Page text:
Queen’s Baton run for Rishelle Hume

Rishelle Hume of Butler gave her children a quick hug and was all smiles as she started her leg of the Queen’s Baton Relay in Quinns Rocks. Picture: Anita McInnes

BUTLER resident Rishelle Hume carried the Queen’s Baton for a 400m stretch this morning leaving Morialta Ave in Quinns Rocks just  after 9.35am.

The City of Wanneroo said there would be African drumming, face-painting and children’s entertainment at the Quinns Mindarie foreshore and Quinns Mindarie Community Centre from 9.45am to 10.45am with the Queen’s Baton due to arrive at 10.34am.

At the Jacaranda Amphitheatre and the City of Wanneroo Civic Centre  from 11.30am to 12.30pm entertainment will include the Challenge Brass Band and children’s activities provided by City of Wanneroo Libraries.

Queen’s Baton is due to arrive at 12.09pm.

City of Wanneroo Mayor Tracey Roberts said the city was the only local government hosting community celebrations at two locations, which meant more residents would get the chance to be part of the historic event.

Cr Roberts said the Queen’s Baton Relay was a global tradition that celebrated diversity, inspired community pride and aimed to excite people about the world-class festival of sports and culture the Commonwealth Games offered.

“The relay will be the longest and the most accessible ever,’’ she said.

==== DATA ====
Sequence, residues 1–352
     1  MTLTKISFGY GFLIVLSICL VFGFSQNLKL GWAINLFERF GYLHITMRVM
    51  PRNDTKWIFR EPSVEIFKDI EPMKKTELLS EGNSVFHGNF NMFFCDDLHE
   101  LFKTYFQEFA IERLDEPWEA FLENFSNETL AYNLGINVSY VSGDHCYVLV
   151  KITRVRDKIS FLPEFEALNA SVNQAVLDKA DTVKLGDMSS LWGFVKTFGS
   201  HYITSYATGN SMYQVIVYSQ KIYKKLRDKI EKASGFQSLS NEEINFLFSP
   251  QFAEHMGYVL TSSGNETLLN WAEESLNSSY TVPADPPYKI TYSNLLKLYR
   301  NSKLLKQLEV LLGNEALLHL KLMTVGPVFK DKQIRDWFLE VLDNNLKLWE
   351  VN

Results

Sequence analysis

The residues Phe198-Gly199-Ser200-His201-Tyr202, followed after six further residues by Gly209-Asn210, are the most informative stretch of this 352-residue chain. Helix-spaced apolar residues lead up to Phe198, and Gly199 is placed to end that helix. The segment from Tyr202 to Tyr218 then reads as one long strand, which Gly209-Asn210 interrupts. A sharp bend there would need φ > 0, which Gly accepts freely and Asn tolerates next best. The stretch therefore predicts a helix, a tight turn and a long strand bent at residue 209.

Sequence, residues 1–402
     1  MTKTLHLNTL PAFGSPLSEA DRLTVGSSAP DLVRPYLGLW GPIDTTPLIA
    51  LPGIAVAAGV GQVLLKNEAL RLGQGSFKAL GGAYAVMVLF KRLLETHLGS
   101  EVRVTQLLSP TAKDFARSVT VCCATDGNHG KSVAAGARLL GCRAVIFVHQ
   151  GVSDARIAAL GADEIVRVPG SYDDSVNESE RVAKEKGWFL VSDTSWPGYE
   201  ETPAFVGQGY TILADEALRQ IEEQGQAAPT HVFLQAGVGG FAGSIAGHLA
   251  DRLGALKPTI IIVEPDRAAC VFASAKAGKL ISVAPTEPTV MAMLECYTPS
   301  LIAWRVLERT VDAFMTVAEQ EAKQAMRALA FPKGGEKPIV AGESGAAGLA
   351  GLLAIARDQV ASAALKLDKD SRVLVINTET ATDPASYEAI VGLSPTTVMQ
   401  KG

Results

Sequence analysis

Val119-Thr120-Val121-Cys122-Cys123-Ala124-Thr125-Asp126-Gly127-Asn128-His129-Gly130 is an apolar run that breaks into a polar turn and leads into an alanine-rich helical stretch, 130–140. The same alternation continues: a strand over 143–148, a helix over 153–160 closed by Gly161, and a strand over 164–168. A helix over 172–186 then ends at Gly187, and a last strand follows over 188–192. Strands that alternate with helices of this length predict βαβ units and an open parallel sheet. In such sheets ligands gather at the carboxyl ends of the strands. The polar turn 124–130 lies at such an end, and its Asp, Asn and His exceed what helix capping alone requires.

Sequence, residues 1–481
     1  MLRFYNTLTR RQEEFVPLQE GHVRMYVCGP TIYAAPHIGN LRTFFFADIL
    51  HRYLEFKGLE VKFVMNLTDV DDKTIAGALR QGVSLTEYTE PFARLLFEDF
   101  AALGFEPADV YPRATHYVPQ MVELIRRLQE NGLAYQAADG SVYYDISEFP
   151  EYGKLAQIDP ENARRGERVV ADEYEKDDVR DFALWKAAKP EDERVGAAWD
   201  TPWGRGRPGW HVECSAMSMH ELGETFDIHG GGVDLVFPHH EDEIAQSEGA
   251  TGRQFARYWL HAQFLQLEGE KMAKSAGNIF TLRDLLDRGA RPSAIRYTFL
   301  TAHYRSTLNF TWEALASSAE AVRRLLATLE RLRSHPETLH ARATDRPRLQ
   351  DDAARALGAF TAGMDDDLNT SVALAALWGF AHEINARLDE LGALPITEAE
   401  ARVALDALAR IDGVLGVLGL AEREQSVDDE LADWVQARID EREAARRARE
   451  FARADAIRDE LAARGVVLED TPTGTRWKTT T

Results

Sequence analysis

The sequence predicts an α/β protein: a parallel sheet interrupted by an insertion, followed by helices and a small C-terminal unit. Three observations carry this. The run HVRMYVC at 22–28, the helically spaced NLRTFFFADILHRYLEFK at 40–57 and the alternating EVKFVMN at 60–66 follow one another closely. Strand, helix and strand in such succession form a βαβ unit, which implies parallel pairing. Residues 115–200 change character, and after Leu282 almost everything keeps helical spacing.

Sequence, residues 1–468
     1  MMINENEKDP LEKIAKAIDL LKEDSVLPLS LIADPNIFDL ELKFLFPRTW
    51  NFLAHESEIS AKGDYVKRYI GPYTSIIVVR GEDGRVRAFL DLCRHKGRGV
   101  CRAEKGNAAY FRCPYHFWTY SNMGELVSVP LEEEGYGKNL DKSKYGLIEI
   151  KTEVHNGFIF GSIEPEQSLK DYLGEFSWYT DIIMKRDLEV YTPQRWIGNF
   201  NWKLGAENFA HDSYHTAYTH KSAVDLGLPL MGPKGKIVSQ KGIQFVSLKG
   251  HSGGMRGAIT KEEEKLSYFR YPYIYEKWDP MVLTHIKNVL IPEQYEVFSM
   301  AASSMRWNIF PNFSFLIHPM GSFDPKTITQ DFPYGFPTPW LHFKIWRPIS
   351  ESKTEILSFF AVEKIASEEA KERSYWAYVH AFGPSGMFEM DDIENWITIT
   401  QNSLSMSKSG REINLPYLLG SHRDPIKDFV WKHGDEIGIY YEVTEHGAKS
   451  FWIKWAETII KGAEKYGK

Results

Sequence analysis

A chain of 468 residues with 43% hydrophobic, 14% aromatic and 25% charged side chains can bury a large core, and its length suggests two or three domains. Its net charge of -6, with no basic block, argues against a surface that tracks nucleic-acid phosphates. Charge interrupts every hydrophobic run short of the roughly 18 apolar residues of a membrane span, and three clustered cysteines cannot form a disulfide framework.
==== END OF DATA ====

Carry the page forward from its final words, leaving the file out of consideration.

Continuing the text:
“Residents will have the chance to see the baton up close and hear inspiring stories from local baton bearers.

Rishelle Hume has devoted her working life to the advancement of Aboriginal people.

She holds a double major in commence and human resource management, and is employed as a senior HR Aboriginal employment consultant within the oil and gas sector.

In 2016 she received the Western Australian Aboriginal person of the year award for promoting Aboriginal rights and Noongar culture.

The Queen’s Baton Relay started on Commonwealth Day, Monday 13 March 2017, at Buckingham Palace when Her Majesty placed Her message inside of the baton.

The Queen’s Baton has already been passed between thousands of people for 288 days across Africa, the Caribbean, the Americas, Europe, Asia and Oceania, building excitement for the Gold Coast 2018 Commonwealth Games.

The Gold Coast 2018 Commonwealth Games Queen’s Baton Relay is the longest and most accessible in history, travelling through the entire Commonwealth for 388 days and 230,000km.

In form and inspiration, the Queen’s Baton is a symbol of our past, present and future.

The Queen’s Baton arrives on the Gold Coast for the XXI Commonwealth Games Opening Ceremony on 4 April 2018, where HRH the Prince of Wales will remove Her Majesty’s message from the baton and read it aloud to declare the games open.